The surge in demand for beef and respective rise in Irish cattle prices that has been experienced this year are predicted to hold firm into the first quarter of next year, according to market experts on global meat and beef trade, Gira.
Speaking at a recent Bord Bia Meat Seminar, Gira’s Rupert Claxton outlined that China “is long-term going to have to import more beef and sheepmeat”.
“There isn’t enough protein in the Chinese market,” he explained.
He added that “beef, in the context of a high beef price and short supply, is still being bought” by major purchasers in world markets.
“Even with pork prices dropping, beef is still good and domestic supply is expected to be short this year.
“The second half of this year is crucial, if they are as short of cattle as we think they are, this will run into the beginning of 2022,” the meat sector expert explained.
Claxton believes that “it will be the second quarter of 2022 when we see it [the beef trade] turn”.
Commenting on supply trends in the beef trade on a global scale, Claxton outlined: “Due to Covid-19 meat plant closures in the US, some of last year’s cattle were not processed until this year”.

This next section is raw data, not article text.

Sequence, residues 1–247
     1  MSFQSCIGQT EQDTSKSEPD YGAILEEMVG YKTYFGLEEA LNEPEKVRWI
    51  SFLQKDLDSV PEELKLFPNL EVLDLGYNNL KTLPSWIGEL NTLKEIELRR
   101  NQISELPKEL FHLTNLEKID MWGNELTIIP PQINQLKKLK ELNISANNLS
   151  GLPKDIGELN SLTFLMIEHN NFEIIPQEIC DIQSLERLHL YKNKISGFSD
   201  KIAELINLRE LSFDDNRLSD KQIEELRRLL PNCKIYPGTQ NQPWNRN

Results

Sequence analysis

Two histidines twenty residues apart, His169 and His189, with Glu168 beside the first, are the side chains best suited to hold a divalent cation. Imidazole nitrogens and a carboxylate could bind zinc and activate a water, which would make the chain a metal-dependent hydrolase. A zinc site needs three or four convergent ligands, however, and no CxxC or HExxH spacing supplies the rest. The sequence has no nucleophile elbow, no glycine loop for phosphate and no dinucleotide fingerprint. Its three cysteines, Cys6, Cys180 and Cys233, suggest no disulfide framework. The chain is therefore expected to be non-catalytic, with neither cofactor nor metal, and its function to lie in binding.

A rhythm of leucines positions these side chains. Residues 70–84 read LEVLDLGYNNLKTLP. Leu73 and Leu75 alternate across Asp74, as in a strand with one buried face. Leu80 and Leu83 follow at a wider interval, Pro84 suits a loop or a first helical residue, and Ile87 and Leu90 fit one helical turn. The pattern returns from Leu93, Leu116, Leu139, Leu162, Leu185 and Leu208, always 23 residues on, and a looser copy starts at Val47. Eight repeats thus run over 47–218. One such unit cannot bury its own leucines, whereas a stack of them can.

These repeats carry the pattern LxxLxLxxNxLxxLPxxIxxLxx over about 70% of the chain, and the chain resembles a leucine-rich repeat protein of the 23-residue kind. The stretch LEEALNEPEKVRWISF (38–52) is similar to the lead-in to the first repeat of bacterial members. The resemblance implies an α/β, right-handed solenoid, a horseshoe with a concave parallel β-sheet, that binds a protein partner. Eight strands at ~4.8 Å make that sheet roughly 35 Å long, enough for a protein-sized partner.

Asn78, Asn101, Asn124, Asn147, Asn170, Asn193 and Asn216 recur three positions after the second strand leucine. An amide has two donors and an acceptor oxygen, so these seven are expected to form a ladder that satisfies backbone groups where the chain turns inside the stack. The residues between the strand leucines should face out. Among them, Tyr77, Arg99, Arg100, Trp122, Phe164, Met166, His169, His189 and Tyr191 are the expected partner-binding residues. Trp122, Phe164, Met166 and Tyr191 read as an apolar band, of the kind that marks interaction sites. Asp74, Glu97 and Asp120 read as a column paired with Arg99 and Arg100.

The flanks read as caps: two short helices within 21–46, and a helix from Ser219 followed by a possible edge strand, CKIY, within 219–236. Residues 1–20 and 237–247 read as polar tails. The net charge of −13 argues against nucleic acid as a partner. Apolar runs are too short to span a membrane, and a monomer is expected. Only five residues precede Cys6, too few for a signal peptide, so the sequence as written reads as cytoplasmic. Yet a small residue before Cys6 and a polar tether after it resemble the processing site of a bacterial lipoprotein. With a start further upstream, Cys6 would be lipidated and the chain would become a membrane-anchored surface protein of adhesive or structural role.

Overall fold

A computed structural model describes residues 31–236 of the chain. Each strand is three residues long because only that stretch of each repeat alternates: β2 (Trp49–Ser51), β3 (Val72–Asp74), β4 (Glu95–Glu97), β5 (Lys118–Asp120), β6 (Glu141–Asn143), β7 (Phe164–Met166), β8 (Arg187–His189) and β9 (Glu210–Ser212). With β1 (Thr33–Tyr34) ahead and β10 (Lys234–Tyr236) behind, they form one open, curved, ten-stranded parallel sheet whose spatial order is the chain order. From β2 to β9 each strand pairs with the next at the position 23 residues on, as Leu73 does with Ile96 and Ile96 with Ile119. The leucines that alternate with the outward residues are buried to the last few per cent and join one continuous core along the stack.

“There is an oversupply of slaughter cattle in the US at the moment which we don’t see in Europe.”
He explained that this is because beef processing plants in the US run “almost at theoretical capacity” which, he added, “is not the case in Europe where factories generally work off a five-day work week.
However, the Gira meat market expert noted that while the market for US beef is “really strong”, US cattle prices are currently “not reflecting where the market is at”.
Looking at trends on beef supply from Brazil – a major global player in the beef industry – Claxton outlined that there is less beef coming into EU market from Brazil than has been witnessed in previous years.
He also drew attention to the fact that feed prices in Brazil have “nearly doubled” given the depreciation of their currency and said this is “really hurting” their beef industry.
Despite this, he explained that production of beef is up in Brazil and said that the Brazilian beef trade to China is “strong”, but added their supply to the rest of the world is “weak”.
Commenting on China’s beef trade with Australia, he noted that the trade war between the two countries is continuing to have an effect and noted that many beef processing plants in Australia remain delisted by China and cannot supply beef to the country.
Concluding, Claxton added that there is “not an abundance of beef available globally” and attributed this to the fact that China “is buying it up” which he said is “great news for EU beef price”.